Elections at the crisis-hit National Olympic Committee of Kenya (NOCK) might not be held before the end of the year as requested by the International Olympic Committee (IOC), it has been claimed.
The governing body in the African country has been in turmoil since the Olympics in Rio de Janeiro in August, with Sports Minister Hassan Wario formally dissolving the NOCK after the Games.
It followed a series of alleged problems in Brazil, with all senior officials accused of wrongdoing except for chairman Kipchoge Keino, a double Olympic gold medallist.
They were accused of key accommodation and travel mishaps, including the "mishandling of accreditation", as well as kits which allegedly never reached athletes.
A timetable for reform was proposed by the IOC following crisis talks, with fresh elections and a new constitution demanded before the end of the year.
"The NOCK will convene its Elective General Assembly and conduct free and fair elections of the members of the NOCK Executive Board in accordance with the newly approved NOCK Constitution," a message posted on the IOC website said in September.
"The whole process will be completed by the end of this year (i.e. by December 31, 2016), and will be placed under the full supervision of the IOC, in close coordination with the NOCK and the Ministry of Sports."
NOCK secretary general Francis Paul has now claimed, however, that the IOC placed no time-frame on when proceedings should take place.
"We first have to finish the constitutional review process which currently is ongoing before coming up with the road-map to elections," he said to All Africa.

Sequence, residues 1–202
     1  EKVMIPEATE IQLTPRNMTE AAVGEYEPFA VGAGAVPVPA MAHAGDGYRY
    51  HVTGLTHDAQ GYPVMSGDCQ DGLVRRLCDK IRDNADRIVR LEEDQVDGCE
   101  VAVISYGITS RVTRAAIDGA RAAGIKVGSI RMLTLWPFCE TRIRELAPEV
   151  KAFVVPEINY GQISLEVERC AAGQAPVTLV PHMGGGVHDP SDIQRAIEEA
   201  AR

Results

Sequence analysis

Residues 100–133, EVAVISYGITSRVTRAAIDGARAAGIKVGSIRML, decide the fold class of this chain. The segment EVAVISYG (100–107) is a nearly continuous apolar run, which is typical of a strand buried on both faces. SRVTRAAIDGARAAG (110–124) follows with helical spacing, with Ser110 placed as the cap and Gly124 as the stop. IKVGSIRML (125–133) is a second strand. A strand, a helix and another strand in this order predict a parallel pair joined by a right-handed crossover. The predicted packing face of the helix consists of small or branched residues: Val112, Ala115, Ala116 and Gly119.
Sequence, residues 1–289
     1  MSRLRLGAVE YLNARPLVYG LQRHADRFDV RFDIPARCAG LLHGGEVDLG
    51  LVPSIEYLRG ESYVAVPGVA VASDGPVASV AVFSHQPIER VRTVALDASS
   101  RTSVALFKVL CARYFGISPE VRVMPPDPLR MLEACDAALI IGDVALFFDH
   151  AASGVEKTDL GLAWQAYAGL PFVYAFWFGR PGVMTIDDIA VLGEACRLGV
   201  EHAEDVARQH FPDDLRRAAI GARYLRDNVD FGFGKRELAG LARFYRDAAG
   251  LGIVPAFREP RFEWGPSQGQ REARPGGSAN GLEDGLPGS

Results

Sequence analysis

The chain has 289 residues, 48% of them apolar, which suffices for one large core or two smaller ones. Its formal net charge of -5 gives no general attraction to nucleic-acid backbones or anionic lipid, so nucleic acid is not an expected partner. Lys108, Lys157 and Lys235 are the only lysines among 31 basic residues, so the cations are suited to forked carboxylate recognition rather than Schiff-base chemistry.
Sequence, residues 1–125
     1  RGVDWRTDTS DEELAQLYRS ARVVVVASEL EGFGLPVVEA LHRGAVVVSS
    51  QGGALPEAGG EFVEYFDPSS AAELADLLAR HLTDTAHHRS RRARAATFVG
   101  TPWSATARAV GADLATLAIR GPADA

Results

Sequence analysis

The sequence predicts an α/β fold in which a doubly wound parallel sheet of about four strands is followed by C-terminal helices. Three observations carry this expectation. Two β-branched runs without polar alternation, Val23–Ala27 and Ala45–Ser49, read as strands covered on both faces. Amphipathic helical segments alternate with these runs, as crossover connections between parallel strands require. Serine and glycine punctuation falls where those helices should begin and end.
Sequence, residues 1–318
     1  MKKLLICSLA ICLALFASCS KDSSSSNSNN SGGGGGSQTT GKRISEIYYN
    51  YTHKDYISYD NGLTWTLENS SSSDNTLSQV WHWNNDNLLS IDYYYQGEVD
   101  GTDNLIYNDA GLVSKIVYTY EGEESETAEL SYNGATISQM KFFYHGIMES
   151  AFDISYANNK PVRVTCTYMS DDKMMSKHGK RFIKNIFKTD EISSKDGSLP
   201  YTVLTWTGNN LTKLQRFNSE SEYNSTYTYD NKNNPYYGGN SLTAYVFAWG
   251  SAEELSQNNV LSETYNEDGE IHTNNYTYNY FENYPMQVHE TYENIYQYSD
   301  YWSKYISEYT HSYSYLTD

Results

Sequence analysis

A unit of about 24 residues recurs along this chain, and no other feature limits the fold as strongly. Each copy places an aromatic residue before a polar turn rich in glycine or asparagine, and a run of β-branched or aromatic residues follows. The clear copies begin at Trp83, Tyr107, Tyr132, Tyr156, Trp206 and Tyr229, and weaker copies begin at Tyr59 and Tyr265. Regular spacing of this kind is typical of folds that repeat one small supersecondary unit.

"As NOCK we need sufficient time to carry out our audit before submitting it to IOC and therefore that will not be possible for us to hold the polls this year as much of the time now is to audit our accounts and comply with IOC statutes in time."
Paul added that the NOCK will convene an Extraordinary General Meeting after the constitutional review process is over, to endorse the new constitution and set dates for the elections.
He also called on Wario to reverse the disbanding of the governing body.
"OC told Wario to rescind his decision to disband NOCK, we have been expecting him to do so publicly," said Paul.
Paul's comments come after officials within Kenya's Sports Ministry were accused of embezzling money meant to cover the expenses of the country's team at Rio 2016.
The allegation was reportedly included in a report by the Rio de Janeiro 2016 Olympic Games Probe Committee, which has been investigating potential wrongdoing.
Paul Ochieng, the dean of students at Strathmore University in Nairobi, led the probe which could now lead to criminal charges.
All of those allegedly involved have not been identified.
According to Reuters, the report claims more than KES870 million (£7 million/$8.4 million/€7.9 million) set aside for air tickets was misappropriated.
The report also accuses the NOCK of diverting money and kit from a deal with sports equipment giant Nike.
This was said to be worth KES126 million (£988,000/$1.2 million/€1.1 million) per year since 2013, with the money meant for athletes.
insidethegames revealed last week that the NOCK is receiving $5.7 million (£4.5 million/€5.2 million) as part of an eight-year contract with Nike.
According to All Africa, the Probe Committee has not been paid for its services three weeks after handing over the report to the Wario.
The report has not been officially released.
"These [Sports Ministry] officials suspect that they are adversely mentioned in the report hence they want to get hold of it so as to doctor it or hit back before it is released," Ochieng said to All Africa.
insidethegames has approached the IOC for a comment on the current situation.